Data Viz Revision: O’Reilly 2016 Data Science Salary Survey (Part 1)

We will be posting a series based on the data displayed in O’Reilly’s 2016 Data Science Salary Survey. Using the Data Chefs Revision Organizer as a guide, we will rethink and revise some of the visualizations featured in the report.


I recently read  O’Reilly’s 2016 Data Science Salary Survey (by John King & Roger Magoulas). People who worked in the field of Data Science answered questions about their job titles, age, salaries, tools, tasks, etc., and this report summarized the results.  I thought the report offered a pretty fascinating overview of the data science industry, and is definitely worth the read.

However, I was a little thrown off by the choices the authors made in visualizing the data.  Here is a selection of representative pages:


As you can see, King & Magoulas opted to use a series of blue circles to represent the data throughout the report.  While the circles provide a common visual theme, I don’t think they best represent this particular data.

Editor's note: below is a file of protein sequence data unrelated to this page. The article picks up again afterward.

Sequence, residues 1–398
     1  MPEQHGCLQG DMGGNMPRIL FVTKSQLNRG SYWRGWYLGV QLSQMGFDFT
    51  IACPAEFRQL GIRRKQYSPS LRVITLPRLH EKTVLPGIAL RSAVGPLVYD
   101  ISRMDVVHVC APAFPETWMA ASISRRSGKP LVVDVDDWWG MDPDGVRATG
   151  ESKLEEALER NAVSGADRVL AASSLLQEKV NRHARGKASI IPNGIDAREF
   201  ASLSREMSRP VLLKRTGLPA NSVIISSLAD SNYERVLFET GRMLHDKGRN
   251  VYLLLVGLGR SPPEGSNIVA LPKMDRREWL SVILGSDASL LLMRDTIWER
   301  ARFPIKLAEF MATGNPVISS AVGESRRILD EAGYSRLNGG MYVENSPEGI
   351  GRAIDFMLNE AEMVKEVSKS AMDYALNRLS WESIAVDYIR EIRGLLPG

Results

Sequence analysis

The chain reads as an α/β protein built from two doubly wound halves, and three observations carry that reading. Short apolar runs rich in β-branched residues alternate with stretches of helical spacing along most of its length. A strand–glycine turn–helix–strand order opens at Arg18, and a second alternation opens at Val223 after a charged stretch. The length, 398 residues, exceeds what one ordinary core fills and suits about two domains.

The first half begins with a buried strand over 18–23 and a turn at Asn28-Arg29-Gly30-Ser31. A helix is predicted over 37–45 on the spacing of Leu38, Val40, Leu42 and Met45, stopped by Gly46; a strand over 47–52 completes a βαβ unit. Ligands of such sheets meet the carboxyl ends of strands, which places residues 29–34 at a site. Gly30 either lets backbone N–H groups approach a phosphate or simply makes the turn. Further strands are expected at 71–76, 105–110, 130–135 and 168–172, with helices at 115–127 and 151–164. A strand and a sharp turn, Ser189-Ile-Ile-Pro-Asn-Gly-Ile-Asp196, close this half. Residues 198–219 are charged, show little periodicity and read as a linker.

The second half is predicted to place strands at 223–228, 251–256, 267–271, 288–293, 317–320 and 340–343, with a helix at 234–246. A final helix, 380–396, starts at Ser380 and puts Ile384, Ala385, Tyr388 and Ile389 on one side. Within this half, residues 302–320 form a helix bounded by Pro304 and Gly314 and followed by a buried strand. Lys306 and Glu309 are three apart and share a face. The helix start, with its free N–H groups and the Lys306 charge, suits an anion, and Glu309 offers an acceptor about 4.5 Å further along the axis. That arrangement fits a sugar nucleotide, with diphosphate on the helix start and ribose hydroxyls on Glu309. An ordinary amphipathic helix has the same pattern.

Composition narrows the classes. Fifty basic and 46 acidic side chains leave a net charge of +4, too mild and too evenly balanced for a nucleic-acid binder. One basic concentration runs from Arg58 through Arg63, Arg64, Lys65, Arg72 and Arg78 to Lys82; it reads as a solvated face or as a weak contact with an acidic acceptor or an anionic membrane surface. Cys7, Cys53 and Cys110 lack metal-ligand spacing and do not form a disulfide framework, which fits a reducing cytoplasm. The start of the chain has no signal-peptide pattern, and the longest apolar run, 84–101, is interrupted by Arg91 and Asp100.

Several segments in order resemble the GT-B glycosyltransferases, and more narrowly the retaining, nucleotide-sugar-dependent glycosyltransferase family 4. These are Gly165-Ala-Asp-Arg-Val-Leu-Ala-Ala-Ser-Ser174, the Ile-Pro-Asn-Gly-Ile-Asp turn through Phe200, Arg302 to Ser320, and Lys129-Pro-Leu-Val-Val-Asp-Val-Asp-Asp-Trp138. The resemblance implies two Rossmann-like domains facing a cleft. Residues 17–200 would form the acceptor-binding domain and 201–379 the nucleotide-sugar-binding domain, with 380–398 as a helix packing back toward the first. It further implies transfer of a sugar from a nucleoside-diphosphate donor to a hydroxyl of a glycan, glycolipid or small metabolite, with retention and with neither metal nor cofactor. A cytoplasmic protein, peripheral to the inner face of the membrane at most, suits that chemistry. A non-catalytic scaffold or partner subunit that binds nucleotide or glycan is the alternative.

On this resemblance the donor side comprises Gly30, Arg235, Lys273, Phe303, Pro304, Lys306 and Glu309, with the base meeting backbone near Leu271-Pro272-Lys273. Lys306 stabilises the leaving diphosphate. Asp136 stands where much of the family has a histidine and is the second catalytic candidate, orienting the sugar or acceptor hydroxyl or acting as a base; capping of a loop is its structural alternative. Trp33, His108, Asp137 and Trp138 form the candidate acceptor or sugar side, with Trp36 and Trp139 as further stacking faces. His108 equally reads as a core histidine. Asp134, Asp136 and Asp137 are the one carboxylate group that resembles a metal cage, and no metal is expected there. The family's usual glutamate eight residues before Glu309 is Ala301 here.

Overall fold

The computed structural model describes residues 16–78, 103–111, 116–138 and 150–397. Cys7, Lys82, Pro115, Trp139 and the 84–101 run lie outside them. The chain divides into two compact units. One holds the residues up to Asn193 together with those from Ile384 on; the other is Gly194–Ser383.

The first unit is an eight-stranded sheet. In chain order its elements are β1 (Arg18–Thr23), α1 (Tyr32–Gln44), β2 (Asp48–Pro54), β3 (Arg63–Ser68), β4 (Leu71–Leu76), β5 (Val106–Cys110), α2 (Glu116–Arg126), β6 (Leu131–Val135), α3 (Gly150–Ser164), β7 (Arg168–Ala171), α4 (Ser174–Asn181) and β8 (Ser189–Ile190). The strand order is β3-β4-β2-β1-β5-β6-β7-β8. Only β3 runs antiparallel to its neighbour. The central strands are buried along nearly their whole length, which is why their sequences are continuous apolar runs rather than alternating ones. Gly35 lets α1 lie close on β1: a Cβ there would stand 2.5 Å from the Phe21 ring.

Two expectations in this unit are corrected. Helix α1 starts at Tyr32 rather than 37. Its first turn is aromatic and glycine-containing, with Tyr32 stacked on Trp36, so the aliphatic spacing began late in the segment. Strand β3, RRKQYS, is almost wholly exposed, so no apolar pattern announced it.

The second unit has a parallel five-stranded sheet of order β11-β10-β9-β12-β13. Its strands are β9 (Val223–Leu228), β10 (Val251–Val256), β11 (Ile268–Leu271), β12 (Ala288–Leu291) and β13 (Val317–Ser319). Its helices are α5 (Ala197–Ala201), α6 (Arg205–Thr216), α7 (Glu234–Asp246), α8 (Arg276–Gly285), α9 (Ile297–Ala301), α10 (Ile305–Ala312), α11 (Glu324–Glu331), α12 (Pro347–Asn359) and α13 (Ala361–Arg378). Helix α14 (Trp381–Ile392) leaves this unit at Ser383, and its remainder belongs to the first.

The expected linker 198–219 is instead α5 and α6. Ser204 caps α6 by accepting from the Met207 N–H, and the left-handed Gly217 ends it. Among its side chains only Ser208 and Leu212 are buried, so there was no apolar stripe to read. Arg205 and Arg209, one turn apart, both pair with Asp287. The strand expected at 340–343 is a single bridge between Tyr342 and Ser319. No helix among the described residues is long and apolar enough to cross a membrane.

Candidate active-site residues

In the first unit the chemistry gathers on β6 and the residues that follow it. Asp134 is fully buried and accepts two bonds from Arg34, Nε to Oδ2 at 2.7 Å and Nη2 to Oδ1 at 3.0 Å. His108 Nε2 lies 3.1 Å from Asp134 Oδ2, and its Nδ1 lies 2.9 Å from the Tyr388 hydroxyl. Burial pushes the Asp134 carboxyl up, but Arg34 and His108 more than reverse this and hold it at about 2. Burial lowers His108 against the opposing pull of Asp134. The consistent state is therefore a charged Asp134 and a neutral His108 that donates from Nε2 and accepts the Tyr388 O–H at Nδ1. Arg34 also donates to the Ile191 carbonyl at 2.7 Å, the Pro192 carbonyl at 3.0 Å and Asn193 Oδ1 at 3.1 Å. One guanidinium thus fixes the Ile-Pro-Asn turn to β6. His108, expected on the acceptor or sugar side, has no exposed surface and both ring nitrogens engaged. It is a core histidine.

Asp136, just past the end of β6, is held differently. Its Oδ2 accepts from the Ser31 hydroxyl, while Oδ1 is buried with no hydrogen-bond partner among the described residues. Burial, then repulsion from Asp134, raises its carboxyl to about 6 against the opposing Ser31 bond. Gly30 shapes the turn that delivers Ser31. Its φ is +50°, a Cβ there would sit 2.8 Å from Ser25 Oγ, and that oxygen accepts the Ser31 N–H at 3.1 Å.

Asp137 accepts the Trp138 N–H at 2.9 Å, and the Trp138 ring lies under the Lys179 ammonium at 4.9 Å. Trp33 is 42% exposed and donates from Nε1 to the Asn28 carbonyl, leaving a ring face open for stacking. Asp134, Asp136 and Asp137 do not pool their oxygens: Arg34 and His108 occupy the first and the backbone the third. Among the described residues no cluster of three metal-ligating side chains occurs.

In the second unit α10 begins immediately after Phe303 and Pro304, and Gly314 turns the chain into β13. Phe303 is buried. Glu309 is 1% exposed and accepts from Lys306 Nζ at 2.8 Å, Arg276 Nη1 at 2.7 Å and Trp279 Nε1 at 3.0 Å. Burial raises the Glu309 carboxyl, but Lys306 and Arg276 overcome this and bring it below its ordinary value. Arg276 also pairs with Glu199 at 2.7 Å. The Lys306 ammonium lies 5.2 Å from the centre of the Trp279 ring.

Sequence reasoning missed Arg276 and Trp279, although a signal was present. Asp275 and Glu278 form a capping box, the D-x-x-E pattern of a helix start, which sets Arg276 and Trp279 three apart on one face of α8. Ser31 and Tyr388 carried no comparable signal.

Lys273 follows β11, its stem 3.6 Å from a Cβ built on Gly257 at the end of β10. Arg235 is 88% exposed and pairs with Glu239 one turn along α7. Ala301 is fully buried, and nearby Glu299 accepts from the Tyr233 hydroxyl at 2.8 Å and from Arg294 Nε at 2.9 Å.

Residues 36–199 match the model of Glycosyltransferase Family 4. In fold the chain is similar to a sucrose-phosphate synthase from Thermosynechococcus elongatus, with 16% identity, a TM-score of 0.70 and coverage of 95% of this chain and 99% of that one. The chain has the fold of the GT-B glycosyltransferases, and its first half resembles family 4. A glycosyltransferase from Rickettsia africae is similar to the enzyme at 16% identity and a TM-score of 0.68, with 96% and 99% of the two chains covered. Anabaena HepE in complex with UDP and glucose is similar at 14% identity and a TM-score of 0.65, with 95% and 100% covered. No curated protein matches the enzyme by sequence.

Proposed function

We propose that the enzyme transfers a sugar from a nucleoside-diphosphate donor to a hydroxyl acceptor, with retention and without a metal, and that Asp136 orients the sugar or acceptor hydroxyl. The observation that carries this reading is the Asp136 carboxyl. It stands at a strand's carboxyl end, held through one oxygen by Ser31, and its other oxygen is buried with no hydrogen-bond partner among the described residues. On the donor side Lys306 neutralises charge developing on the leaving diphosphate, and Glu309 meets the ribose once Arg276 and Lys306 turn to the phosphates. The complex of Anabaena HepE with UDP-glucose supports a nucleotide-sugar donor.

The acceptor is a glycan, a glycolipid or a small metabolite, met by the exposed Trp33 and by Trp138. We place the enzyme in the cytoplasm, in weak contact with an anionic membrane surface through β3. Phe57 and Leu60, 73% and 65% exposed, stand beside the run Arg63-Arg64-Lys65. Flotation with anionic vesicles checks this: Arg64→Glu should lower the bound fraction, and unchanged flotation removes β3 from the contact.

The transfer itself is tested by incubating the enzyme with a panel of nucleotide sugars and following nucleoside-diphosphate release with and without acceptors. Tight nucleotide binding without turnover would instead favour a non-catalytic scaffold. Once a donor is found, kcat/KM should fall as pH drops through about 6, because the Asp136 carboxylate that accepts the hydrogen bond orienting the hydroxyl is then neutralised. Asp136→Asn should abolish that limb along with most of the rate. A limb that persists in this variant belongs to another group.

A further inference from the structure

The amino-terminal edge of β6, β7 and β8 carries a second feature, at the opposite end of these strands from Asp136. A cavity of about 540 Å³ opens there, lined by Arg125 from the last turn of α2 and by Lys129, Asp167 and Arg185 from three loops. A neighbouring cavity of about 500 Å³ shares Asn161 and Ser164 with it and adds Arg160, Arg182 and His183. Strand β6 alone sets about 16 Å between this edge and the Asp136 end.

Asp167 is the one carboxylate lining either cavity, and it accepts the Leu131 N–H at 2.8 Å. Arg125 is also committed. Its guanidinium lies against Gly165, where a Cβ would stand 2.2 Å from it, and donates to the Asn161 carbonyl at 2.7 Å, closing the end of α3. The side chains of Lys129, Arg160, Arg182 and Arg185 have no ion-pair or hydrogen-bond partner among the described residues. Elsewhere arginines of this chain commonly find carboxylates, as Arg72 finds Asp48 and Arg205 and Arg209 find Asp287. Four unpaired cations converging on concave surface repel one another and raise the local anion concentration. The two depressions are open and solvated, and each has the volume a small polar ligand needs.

One example is the visualization for tasks: work activities in which the data science survey respondents reported major engagement:


The values are displayed as circle areas, sorted from highest to lowest, starting from bottom-left and curving clockwise around to the bottom-middle.  The relative sizes of the circle areas seem to be accurate., but notice the positioning of the labels on the circles.  From 69% down through 36%, the data and category labels are consistently positioned to the right of each circle.  From 32% on down, the data label placement starts to get inconsistent: left sometimes, right other times, based on space constraints.

This space constraint also forces the authors to alter the positioning of the value circles.  In order to fit the long text of the categories, the bottom right side of the arc had to be squashed. This gives the visualization an odd, bean-like shape.



The revision I’ve proposed, a horizontal bar chart, is a lot cleaner. The data labels are consistent: categories to the left of the bars, values to the right.  Also, the relative sizes of the bars are pretty clear. That’s not really the case with the circle values.


This bar chart may lack the novelty or the visual pop of the original, but I think it’s more appropriate for the data, and far easier to understand.

What do you think?

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